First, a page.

February 28, 2013, Tracker Magazine
NATIONAL: There is an exciting movement currently occurring across the Pacific. Idle No More is an Aboriginal-controlled protest movement, writes AMY MCQUIRE.
It began with a seed, widespread First Nations opposition to omnibus bill C-45, which was watered by active and extensive social media networks, roadblocks and flash mob protests across the nation, as well as a heroic hunger strike by several leaders – including First Nations chief Theresa Spence.
It has now grown into a serious PR problem for the conservative Harper government, who have tried to cut down its branches to no avail.
Bill C-45 was widely interpreted as an affront to water and land rights under changes to the Indian Act, and other legislative changes which backtracked the government’s mandate to consult with First Nations over precious national waterways.
That bill passed parliament anyway. And while reversing those laws is still a central plank of the movement, Idle No More is much more than that.
As Pamela Palmater, a key organizer in the movement, said “it originally started as a way to oppose Bill C-45… it grew to include all the legislation and the corresponding funding cuts to First Nations political organizations meant to silence our advocacy voice”.
That voice will never be silenced until Canada re-thinks it’s relationship with First Nations.
“The failure of Canada to share the lands and resources as promised in the treaties has placed First Nations at the bottom of all socio-economic indicators — health, lifespan, education levels and employment opportunities,” Ms Palmater wrote in the Ottowa Citizen in December.
“While Indigenous lands and resources are used to subsidize the wealth and prosperity of Canada as a state and the high-quality programs and services enjoyed by Canadians, First Nations have been subjected to purposeful, chronic underfunding of all their basic human services like water, sanitation, housing, and education.
“This has led to the many First Nations being subjected to multiple, overlapping crises like the housing crisis in Attawapiskat, the water crisis in Kashechewan and the suicide crisis in Pikangikum.”
Sound familiar? Although there are undeniable differences between our communities in Australia and those in Canada, there are also a lot of similarities.
Many of our communities struggle in fourth world conditions in a first world country. We share a history of forced assimilation and colonisation. We share the same concerns about how we protect our traditional lands, and how we can leverage some form of economic development from the scraps afforded us by successive governments.
What we unfortunately don’t share with Canada’s First Nations is an ability to influence the public agenda. Right now, so much of our protest is reactive, not proactive.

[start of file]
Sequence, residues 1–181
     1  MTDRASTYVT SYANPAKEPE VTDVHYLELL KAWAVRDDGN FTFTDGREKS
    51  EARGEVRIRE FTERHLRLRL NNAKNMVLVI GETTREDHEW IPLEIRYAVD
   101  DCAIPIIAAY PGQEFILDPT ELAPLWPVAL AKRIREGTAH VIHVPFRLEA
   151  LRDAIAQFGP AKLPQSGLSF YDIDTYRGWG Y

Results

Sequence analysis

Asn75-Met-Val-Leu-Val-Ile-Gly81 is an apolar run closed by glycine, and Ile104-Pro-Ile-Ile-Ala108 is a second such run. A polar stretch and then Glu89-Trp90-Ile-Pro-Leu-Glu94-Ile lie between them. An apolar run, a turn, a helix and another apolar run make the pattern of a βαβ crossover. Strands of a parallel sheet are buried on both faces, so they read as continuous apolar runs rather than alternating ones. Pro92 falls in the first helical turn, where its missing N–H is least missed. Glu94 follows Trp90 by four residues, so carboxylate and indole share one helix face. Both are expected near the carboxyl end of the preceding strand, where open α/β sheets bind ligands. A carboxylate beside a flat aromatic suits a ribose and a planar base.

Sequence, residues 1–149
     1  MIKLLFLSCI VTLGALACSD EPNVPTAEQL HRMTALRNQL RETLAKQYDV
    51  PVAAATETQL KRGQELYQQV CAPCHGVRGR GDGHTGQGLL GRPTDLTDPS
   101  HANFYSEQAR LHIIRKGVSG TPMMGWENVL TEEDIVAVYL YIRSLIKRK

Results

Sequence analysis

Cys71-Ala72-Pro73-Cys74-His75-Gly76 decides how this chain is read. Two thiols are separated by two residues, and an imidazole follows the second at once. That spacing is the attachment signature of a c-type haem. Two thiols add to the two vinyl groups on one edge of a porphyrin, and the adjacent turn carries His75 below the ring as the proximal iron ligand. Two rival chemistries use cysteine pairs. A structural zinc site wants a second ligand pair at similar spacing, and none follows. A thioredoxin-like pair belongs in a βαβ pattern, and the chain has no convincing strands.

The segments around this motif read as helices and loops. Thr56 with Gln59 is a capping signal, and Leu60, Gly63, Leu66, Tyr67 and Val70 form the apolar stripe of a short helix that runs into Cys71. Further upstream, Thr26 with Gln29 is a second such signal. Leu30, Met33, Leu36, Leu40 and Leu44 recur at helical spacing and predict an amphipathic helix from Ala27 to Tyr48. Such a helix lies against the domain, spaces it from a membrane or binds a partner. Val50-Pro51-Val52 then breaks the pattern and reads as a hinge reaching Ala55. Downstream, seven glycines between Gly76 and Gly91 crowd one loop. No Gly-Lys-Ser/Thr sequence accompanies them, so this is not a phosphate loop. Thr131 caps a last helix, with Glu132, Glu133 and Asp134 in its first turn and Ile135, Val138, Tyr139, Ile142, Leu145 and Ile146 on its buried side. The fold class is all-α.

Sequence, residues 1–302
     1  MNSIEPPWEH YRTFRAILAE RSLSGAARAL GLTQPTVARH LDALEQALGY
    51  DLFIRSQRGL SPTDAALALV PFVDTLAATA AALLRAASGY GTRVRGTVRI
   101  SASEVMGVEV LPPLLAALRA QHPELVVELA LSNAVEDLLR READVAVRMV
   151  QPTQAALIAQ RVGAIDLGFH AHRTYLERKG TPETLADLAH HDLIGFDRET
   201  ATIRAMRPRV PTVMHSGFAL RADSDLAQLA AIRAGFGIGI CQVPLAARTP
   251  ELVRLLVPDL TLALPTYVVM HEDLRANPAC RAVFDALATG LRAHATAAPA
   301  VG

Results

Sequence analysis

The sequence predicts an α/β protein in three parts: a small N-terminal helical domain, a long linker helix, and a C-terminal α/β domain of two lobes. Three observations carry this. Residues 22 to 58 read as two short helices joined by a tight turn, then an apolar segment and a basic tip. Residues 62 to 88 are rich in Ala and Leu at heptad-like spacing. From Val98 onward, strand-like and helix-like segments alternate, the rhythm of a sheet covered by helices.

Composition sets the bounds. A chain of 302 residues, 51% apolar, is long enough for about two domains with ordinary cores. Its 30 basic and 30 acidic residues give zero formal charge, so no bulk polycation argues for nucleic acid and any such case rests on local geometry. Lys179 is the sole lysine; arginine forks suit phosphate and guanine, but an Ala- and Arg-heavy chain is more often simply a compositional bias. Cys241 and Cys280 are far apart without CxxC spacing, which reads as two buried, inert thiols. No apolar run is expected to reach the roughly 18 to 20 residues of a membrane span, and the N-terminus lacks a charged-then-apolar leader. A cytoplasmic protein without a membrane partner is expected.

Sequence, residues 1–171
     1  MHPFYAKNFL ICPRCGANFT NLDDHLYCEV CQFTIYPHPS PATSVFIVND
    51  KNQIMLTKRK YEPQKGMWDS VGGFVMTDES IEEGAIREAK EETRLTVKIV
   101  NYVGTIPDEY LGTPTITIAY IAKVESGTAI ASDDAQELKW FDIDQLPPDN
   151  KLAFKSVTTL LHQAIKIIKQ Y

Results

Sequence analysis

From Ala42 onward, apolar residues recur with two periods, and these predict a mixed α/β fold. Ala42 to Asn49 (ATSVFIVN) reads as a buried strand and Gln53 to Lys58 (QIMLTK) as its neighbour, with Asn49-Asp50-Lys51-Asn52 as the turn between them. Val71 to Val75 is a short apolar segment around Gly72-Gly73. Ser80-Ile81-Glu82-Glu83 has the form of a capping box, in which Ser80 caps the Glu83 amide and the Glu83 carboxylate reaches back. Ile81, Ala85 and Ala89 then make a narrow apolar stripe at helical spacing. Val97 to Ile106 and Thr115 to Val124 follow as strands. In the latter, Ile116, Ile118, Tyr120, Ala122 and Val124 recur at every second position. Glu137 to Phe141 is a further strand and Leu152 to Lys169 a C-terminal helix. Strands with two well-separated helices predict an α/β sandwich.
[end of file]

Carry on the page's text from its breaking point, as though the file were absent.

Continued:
It is scattered and easily destroyed by the weight of a biased, ignorant media, fuelled by a biased, ignorant public.
Our youth, while strong, smart and passionate, are largely disenfranchised from influencing public debate, despite having the great tool of education in their hands.
Could a movement like Idle No More ever catch on over here?
Already there have been solidarity protests set up by motivated young activists, and all power to them.
But it is unlikely to move in the same way the sparks of Idle No More started fires across Canada.
That’s because there is no clear agenda, no clear purpose.
While there has been criticism of Idle No More for being directionless, there is a key protest point, and it is a point that has been driven by Aboriginal people themselves.
It’s powered by the energy and anger of the youth, who are intent on de-colonising their peoples and restoring their cultures and traditions.
In contrast, we are divided and distracted by the agendas set for Indigenous Australia by white authority – agendas like the ambiguous “reconciliation” and the pipe dream of “constitutional reform”.
Where are the ongoing calls for National Land Rights? For Treaty?
They seem to be stuck in the minds of our past land rights warriors, and have not been passed onto our future generation of leaders.
As Brian Johnstone reports in Tracker’s news pages this month, the last real chance at a national land rights model was scuttled by the Hawke government, by a weak Prime Minister who retreated too quickly when confronted by big miners.
The political arena has changed a great deal since those days. We are going backwards. Both major parties refuse to take a stand for Indigenous rights. How far the ALP has fallen from the days when Hawke even considered a Compact.
But despite this, National Land Rights is still the best banner to stand under.
It is a uniting goal, and one shared by a large majority of black Australia.
It’s a goal that cannot be torn from us, even by divisive laws like the Native Title Act.
Re-starting a movement for National Land Rights is especially timely given 2013 will mark the 30th anniversary of the Aboriginal Land Rights Act in NSW.
While obviously not perfect, the NSW land rights system is the best we have. UN Special Rapporteur for Indigenous Rights James Anaya has even said it is a world-beater.
This year we will be celebrating the success of the NSW land rights system, and also looking at the challenges that face it. A key part of those challenges are canvassed in the Aboriginal Land Rights Act review, which is the subject of the first feature of the year for Tracker.
The ALRA review has a strong focus on the current land claims process, and the best ways to clear the land claims backlog.
The recommendations of the review will be the subject of ongoing consultations later in the year, although the date has not yet been set. But this is only in New South Wales. It is not enough that we sit back and watch while rights to land and water are corroded across our state borders.
We cannot be Idle No More on National Land Rights.
-Amy McQuire, editor.